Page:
Additionally, as a provider, I would say that the subjectivity of data in EMRs may actually not be that big of a deal, because doctors are trained to question previous doctor’s records. In other words, physicians are trained to take the history of a patient with a grain of salt, and to think through all possible differentials. However, because of innate human biases towards common vs. uncommon illnesses, certain diagnoses may be missed. This may thus be an area where digitization can be even more helpful — as mentioned, leveraging IBM Watson so that probabilities of differentials can be weighted in a more objective manner.
As the doctor shortage continues in rural areas, I have no doubt that telemedicine will be an expanding field. While it has been shown that treating patients in well-known clinics may result in better outcomes, thereby encouraging companies to contract with large and well-known health systems for their employees as it would be more cost-effective (https://www.advisory.com/daily-briefing/2013/10/09/walmart-lowes-enter-bundled-pay-deal-with-four-health-systems), I am hesitant to extrapolate the work of such doctors to be effective under all telemedicine settings. To better understand the utility of telemedicine, I am interested to see how the eHospital is faring in terms of effectiveness to its patients as compared to ICUs without a telemedicine team. While I agree that certain aspects, such as patient rest, may be optimized with such a system, I believe that clinical exams by physicians of patients in the ICU may be extremely important for such sickly patients.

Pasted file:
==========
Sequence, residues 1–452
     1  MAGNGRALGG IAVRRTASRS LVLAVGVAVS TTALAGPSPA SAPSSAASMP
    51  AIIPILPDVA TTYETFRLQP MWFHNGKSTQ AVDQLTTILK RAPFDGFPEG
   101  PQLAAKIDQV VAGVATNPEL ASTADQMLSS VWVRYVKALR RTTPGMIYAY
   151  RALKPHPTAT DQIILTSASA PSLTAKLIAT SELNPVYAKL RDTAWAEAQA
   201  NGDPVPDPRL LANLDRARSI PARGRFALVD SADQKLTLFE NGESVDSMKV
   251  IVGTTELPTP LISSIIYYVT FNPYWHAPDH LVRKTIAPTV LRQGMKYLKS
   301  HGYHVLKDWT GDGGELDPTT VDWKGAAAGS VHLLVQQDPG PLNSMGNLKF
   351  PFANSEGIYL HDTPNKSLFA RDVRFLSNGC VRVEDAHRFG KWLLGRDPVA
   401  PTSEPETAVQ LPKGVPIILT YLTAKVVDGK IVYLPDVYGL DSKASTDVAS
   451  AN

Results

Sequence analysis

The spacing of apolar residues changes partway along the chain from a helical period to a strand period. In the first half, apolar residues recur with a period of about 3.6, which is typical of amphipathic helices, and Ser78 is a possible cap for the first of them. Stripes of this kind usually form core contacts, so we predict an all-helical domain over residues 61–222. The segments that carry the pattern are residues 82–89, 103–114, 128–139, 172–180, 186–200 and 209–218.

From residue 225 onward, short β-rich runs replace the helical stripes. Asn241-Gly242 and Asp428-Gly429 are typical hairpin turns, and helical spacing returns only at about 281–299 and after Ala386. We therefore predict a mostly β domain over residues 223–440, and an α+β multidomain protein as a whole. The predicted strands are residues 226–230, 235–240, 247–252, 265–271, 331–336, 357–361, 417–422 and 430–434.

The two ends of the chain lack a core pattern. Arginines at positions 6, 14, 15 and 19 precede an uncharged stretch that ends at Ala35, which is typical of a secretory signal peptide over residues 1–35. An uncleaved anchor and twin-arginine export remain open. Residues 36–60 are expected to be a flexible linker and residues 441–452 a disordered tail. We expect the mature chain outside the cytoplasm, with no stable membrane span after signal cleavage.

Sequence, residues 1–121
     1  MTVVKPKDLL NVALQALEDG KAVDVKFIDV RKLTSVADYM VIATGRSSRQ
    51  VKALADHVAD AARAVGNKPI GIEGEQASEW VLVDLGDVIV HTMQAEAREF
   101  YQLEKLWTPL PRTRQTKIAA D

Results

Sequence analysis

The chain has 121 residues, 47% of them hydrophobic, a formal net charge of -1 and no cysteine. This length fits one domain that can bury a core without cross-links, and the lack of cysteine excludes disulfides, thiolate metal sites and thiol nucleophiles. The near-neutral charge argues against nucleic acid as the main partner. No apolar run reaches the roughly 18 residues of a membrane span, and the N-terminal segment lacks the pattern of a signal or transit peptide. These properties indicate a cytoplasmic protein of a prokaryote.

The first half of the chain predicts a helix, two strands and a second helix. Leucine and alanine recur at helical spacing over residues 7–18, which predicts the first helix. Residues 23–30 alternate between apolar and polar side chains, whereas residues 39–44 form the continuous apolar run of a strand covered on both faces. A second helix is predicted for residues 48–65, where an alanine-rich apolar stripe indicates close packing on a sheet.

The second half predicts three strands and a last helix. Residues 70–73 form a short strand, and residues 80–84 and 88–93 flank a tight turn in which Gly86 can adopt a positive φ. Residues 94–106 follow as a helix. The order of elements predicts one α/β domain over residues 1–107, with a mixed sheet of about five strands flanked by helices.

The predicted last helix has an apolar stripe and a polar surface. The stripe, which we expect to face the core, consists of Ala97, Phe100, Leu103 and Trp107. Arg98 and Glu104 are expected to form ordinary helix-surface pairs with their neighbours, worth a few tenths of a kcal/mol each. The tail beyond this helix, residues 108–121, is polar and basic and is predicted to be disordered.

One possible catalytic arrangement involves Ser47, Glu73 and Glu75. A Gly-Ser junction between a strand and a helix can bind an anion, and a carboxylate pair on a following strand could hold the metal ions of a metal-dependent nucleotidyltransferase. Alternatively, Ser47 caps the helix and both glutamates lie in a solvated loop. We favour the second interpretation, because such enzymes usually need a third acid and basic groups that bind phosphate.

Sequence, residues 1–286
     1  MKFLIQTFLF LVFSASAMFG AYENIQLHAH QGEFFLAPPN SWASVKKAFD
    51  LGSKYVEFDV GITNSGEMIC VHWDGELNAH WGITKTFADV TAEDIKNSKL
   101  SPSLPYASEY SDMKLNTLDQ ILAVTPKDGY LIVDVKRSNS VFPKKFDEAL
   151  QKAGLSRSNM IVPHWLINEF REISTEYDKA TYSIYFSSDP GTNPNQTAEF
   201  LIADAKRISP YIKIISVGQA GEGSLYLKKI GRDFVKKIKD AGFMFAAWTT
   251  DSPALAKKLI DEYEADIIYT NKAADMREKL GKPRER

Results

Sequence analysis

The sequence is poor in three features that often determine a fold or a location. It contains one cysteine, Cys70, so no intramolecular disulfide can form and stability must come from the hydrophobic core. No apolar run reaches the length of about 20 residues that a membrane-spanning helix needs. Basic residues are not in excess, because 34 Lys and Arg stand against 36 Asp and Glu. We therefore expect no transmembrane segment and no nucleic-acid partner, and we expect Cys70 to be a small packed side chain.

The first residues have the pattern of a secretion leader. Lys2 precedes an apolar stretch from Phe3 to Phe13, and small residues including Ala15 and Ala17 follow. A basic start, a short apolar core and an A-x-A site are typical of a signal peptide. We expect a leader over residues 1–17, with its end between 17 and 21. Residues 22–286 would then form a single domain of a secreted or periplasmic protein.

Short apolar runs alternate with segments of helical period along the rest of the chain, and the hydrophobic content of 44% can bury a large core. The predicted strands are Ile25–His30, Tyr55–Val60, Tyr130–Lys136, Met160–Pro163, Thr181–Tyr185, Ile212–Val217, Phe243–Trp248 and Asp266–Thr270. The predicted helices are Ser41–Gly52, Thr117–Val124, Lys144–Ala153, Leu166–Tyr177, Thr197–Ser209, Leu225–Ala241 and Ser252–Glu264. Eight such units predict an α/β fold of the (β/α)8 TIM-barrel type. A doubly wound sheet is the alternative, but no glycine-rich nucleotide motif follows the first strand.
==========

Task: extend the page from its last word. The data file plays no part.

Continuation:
However, I do agree that certain areas, such as surgeries, can adhere to the telemedicine set-up pretty easily, as surgeries are already being performed oftentimes by a junior (e.g., resident) with oversight by a senior (e.g., attending). But overall, outpatient telemedicine may be easier and more appropriate than inpatient. Thus, I would be wary about too optimistically using telemedicine for all of medicine.